This my Trek 5900's bars wrapped with Bontrager finishing tape


The Tarmac finished off with red electrical tape


The Roubaix with Blue electrical finishing tape

On occasion while working in the shop, I’ve seen what looks like miles of electrical tape wrapped and overlapping everything on the handlebar in some of the most heinous ways. The one crap job I get the most kick out of is the one where there is about one-quarter inch of electrical tape on the bar tape and about 4 or 5 inches wrapped off the bar tape and onto the handlebar itself. I guess whoever wraps the finishing tape like that must wanna make sure the bar tape stays firmly on the bar. So, they use just a little extra! Oh, and who can forget the, “I was in a wreck, ripped my tape, and decided to repair the rip with a few extra wrappings of electrical tape” type folks. I like those too. Can’t spend some bucks on new tape so I’ll use a yard and a half of electrical tape to fix the rip.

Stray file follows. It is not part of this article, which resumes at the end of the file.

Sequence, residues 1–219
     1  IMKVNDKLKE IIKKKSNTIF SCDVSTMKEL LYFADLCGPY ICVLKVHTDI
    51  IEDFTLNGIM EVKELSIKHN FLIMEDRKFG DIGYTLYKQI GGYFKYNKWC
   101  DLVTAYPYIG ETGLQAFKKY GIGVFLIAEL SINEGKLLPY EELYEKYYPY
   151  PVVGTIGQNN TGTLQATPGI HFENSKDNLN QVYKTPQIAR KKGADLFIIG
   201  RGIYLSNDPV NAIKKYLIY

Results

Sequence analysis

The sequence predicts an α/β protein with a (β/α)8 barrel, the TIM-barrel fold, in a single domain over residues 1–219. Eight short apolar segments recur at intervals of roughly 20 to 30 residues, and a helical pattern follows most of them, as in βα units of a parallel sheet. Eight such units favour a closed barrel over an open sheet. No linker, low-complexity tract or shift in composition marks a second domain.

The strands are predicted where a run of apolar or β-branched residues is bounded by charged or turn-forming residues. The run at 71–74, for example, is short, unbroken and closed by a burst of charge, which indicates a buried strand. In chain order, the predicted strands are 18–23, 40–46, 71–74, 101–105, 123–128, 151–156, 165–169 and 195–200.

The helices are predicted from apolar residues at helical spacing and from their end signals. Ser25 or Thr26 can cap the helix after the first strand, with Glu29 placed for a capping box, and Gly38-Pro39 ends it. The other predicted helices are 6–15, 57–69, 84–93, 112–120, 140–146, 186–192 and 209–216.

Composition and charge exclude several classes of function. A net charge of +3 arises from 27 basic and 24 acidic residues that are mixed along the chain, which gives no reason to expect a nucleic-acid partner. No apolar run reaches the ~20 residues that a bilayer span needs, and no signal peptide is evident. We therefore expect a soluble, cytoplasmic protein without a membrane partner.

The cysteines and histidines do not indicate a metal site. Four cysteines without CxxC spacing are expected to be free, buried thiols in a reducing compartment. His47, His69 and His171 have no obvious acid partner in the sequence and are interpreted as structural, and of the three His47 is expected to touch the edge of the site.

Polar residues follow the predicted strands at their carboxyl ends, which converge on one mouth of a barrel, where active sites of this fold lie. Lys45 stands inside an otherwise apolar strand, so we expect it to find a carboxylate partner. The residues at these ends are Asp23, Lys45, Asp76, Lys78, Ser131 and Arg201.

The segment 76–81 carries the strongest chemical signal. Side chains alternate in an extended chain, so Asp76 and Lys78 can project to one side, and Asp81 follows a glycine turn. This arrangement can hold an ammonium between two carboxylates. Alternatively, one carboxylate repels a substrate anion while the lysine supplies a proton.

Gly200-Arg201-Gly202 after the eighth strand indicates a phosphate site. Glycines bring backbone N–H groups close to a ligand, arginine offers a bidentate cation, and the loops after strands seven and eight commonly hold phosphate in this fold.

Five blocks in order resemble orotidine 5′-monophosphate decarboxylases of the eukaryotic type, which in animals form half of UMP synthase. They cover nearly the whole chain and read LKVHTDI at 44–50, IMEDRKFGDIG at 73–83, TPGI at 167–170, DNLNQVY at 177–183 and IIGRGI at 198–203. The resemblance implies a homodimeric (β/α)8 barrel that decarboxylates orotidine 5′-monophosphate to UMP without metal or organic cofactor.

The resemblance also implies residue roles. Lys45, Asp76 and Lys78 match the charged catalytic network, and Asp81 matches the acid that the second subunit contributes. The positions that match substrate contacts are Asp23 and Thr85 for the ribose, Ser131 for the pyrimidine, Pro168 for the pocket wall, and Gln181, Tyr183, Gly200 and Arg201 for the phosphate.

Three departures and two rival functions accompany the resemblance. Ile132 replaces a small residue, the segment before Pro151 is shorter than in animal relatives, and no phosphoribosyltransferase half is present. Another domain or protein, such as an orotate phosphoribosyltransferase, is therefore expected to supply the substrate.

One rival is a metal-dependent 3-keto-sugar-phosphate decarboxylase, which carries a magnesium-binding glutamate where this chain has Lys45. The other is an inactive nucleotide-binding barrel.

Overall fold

This is an interesting wrap. Notice that there is no finishing tape

Ok, so what’s the point? Well, here is what I do after years of raveling and unraveling bar tape. I start with the color. Hands down the best color is black. Plain and simple. Doesn’t show dirt, grime, and black always looks black. Unless of course you are one of those acid sweating, bleach anything with my bodily fluids kind of guys/gals. If you are, go for the synthetic mostly plastic stuff. It will last longer for ya. I start off at the bottom of the bar and wrap towards the outside. In other words, wrap the tape towards yourself as you make your way around the bar. Next, keep it a little taut as you make your way around the bar and wrap with about one-quarter inch overlap. Ok let’s get to the finish because wrapping the tape step by step can be somewhat boring and I think you get the idea. So, once you get to the end, hold the tape in one hand and scissors in the other.

This the proper way to start the wrapping